A superior force of 30 KPA guards wielding pick handles, knives, clubs and axes attacked the UNC security force and work detail. Pak jumped on Bonifas from the back, forcing him to the ground, where he was beaten to death by five KPA guards. Barrett would die later en route to the medivac hospital in Seoul. The North Korean attack was finally broken up when a UNC soldier drove his 2 1/2-ton truck into the fight and over Capt. Bonifas to protect him. In the skirmish, the ROK officer, three Korean Augmentees to the U.S. Army (KATUSA) and four U.S. enlisted men were wounded.

“If I had gone into the JSA that day, I would have been watching Bulldog like a hawk,’’ said Luttrull. “I am told that Capt. Bonifas had his back to Bulldog when he was killed. That doesn’t surprise me. Capt. Bonifas would turn his back on Bulldog when Bulldog began threatening him.’’

Back at Camp Liberty Bell, Sprague’s daydreaming was interrupted when the alert sounded. “Our 3rd platoon had one of the fastest reaction times of any in the battalion. It took just under two minutes from the time the siren sounded to when our trucks reached the gate of the southern border of the DMZ,’’ he recalled. “I remember our lieutenant rushing into the barracks yelling ‘This is not drill.’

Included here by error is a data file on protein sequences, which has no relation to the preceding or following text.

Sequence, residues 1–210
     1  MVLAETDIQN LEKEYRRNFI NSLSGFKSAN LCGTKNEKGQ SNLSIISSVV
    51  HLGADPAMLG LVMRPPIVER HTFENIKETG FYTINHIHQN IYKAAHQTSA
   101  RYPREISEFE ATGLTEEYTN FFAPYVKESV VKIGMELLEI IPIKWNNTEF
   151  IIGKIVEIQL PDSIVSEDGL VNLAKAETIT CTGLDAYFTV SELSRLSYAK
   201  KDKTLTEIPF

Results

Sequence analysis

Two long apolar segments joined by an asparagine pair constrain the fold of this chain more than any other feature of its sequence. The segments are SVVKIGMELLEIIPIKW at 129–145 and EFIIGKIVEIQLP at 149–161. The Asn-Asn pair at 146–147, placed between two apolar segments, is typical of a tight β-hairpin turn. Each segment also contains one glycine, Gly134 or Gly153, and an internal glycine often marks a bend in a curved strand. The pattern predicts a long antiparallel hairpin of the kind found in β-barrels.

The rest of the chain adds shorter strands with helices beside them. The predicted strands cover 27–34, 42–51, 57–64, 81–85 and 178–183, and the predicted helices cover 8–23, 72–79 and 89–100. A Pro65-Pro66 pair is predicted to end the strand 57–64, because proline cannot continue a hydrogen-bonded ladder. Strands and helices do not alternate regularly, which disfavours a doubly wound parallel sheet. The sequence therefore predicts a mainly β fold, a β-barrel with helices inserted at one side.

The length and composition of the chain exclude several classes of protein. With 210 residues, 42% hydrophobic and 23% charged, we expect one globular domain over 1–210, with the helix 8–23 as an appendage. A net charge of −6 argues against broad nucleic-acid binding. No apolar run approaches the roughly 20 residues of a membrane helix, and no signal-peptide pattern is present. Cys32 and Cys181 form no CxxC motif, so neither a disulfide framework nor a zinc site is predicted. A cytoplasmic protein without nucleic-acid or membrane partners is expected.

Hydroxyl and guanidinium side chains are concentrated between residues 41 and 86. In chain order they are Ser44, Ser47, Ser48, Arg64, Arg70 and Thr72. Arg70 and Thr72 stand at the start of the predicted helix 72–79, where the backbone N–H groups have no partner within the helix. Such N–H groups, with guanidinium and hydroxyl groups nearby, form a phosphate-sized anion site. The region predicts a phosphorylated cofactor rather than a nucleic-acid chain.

“Everyone in the platoon was now moving faster than before. By the time we reached the gate, we were stopped and told to stand by on the helipad outside Camp Liberty Bell. The confrontation with the NKPA was over. While we were waiting on the trucks, we were told about the tree trimming attempt and the murders of the JSA officers,’’ Sprague said.

Chris Reilly was on board the medivac helicopter that brought some of the men out of the JSA. The helicopter had been on a training mission out of Seoul when it was rerouted to Panmunjom. Before flying into the JSA, they were issued yellow armbands and the pilots were given 45-milimeter pistols.